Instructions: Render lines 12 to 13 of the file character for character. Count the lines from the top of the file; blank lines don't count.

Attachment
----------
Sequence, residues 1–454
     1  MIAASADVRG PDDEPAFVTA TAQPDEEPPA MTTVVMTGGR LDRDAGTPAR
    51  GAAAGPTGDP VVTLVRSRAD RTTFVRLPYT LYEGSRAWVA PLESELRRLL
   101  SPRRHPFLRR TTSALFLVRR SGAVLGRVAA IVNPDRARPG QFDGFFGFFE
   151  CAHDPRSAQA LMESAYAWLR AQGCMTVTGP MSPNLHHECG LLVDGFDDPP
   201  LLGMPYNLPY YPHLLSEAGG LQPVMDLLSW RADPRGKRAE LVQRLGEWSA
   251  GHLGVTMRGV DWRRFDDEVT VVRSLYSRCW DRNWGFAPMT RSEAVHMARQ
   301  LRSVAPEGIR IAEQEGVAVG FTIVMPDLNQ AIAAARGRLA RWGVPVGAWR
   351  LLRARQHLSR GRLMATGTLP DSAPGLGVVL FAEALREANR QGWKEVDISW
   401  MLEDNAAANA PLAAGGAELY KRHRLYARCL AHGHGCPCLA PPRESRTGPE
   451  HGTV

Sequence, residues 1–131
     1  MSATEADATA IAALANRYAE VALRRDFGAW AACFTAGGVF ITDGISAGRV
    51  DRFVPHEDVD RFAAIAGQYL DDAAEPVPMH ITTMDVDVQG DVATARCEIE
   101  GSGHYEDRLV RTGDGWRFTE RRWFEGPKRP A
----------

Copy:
Sequence, residues 1–131
     1  MSATEADATA IAALANRYAE VALRRDFGAW AACFTAGGVF ITDGISAGRV